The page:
New York is truly a city constantly in flux. Among the most exciting recent changes to the NYC landscape have been spaces fallen into disuse and reimagined into homes for the most thrilling music the world has to offer. These are the city’s latest and greatest major music venues, each borne from an old building transformed into something more vibrant and new.
The latest venue opened by Bowery Presents (owners of the Bowery Ballroom, Webster Hall, Terminal 5 and others), this former steelworks factory in East Williamsburg has been converted into the mid-sized concert hall of Brooklynite’s dreams. No longer will trips into Manhattan be necessary to see the likes of Elvis Costello, MGMT, and Godspeed You! Black Emperor on their NYC tour stops. The site’s repurposed metal fixtures, exposed pipes, and rugged factory-grade windows and ceiling fans are a reminder of what once was while giving big-name bands the Brooklyn edge they’re looking for when they swing into town.
Forest Hills Stadium
Named for the cozy Queens neighborhood it calls home, Forest Hills Stadium has a history matched by few venues in the five boroughs. Once host to shows by Frank Sinatra, the Beatles, Jimi Hendrix, the Rolling Stones, Bob Dylan, Diana Ross, and countless other megastars, the stadium fell into disuse by the 1990s, necessitating a full renovation to get it back to its past glory. That happened in 2013, and reopened with a rousing show by Mumford and Sons to signal that Queens was once again a destination for music’s hottest acts.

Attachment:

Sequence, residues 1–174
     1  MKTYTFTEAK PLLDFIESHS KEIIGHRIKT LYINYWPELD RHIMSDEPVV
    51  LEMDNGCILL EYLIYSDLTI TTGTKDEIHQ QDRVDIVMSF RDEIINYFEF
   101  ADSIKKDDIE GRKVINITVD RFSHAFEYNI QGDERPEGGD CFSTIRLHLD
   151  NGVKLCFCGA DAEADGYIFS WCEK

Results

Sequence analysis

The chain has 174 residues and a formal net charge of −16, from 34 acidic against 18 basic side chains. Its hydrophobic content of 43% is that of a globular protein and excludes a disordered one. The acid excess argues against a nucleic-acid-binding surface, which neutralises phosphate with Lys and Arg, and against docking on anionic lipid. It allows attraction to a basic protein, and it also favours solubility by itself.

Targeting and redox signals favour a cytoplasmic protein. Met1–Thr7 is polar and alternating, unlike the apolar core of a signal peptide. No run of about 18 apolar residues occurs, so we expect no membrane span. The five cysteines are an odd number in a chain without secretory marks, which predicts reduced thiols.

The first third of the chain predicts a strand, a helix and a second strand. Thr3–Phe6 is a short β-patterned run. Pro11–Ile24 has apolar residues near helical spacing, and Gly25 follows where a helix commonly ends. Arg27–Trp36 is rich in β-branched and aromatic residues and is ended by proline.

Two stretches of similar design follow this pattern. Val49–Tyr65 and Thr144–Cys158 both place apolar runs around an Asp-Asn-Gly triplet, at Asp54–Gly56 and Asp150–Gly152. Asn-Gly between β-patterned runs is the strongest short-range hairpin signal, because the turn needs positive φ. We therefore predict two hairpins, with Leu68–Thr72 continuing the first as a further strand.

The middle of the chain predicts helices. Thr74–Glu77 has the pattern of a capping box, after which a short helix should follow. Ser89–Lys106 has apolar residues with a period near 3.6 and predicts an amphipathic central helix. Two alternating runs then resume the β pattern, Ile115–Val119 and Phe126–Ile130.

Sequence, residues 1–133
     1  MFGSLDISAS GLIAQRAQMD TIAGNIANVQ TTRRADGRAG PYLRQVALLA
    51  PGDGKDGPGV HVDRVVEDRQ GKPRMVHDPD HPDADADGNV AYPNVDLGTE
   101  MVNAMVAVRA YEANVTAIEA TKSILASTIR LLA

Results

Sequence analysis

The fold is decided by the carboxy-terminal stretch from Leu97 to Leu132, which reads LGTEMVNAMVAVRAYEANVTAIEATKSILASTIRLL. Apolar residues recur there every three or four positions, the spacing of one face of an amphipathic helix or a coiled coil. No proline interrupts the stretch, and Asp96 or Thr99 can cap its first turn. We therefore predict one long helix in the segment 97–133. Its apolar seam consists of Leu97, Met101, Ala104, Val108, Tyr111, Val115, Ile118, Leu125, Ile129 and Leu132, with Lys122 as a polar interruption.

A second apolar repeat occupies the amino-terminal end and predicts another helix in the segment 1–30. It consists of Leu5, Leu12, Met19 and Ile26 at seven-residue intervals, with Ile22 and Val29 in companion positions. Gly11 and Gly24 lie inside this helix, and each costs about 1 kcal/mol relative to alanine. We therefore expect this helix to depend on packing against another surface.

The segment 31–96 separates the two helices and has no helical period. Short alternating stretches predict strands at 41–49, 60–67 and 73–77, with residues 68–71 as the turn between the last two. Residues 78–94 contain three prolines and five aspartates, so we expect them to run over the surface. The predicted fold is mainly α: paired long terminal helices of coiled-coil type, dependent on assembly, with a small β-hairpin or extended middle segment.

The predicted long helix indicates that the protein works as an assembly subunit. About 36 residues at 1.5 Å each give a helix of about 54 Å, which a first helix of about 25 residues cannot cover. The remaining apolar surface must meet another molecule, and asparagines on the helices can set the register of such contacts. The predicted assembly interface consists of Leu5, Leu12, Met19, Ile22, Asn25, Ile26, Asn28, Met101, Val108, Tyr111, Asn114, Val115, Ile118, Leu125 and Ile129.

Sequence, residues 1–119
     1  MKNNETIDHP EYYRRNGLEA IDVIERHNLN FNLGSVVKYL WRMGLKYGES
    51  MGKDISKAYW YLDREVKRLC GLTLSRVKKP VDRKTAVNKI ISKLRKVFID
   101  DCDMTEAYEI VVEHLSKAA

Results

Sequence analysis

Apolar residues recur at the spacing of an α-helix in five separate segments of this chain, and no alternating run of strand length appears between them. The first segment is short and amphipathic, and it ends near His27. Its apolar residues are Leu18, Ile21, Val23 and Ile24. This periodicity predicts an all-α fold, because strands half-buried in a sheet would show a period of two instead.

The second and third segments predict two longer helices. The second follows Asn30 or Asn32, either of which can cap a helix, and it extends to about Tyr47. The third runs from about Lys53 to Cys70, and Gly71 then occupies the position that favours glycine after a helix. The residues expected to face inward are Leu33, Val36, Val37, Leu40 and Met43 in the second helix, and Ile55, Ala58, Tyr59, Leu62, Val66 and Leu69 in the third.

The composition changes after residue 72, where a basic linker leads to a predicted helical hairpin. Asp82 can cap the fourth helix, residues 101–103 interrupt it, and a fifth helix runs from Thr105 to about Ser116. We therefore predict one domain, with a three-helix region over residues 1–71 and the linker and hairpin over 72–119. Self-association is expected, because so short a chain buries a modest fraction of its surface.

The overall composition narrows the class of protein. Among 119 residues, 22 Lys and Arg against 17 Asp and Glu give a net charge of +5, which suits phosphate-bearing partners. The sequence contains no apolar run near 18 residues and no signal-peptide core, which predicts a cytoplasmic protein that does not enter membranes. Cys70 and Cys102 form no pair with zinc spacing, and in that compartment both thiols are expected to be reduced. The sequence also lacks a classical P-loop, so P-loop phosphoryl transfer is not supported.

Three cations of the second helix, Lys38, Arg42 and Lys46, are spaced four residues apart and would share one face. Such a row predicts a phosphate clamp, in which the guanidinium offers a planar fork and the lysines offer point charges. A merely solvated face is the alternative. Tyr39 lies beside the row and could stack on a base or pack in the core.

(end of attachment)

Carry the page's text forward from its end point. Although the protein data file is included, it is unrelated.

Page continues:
The crown jewel of Flatbush Avenue, the Kings Theatre finally reopened in 2015 after a meticulous renovation. Formerly a vaudeville theater turned movie house, crowds came from around Flatbush and surrounding neighborhoods to enjoy the regal building until it was shut down in 1977. A renovation plan approved in 2010 and completed in 2015 restored the Theatre to its rightful place among the city’s finest seated music halls, even serving as host for Mayor de Blasio’s State of the City Address in 2018.
NYC style isn’t restricted to the bands that pass through town. Read our guide to 5 Architectural Styles that Define NYC or Public Artworks that New Yorkers Must See to Believe for more on the aesthetics of the city.
From the Statue of Liberty to the Washington Square Arch, public art is an inextricable part of the NYC landscape. Outside of these established landmarks, there’s never a shortage of intriguing and thought-provoking pieces popping up across the five boroughs. These are a few public artworks currently on display around the five boroughs that help keep New York a vibrant center of culture, showing you don’t always need to visit a museum to get in touch with the world of art.
Good Fences Make Good Neighbors
The sometimes controversial Chinese dissident’s latest piece uses the entire city as its canvas. At sites across Manhattan and Brooklyn, Ai Weiwei’s Good Fences Makes Good Neighbors serves as compelling commentary on the borders and separations that define our lives. Consisting of steel fences and pictorial banners strategically placed across the city, this piece is just the latest example of global artists using the city’s streets to make a vital statement.
On the more lighthearted side, this bright yellow construction consists of just two letters that carry a multitude of meanings for countless people. The 8-foot tall aluminum piece, depending on where on the Williamsburg’s North Fifth Street Pier and Park you’re standing, reads “YO” as in “I” in Spanish, or the slang “hey” salutation familiar to just about all New Yorkers. From the other side, the two letters read “OY,” perhaps a nod to the city’s many Jewish residents. Either way you choose to look at it, this piece by Deborah Kass is worth experiencing in person.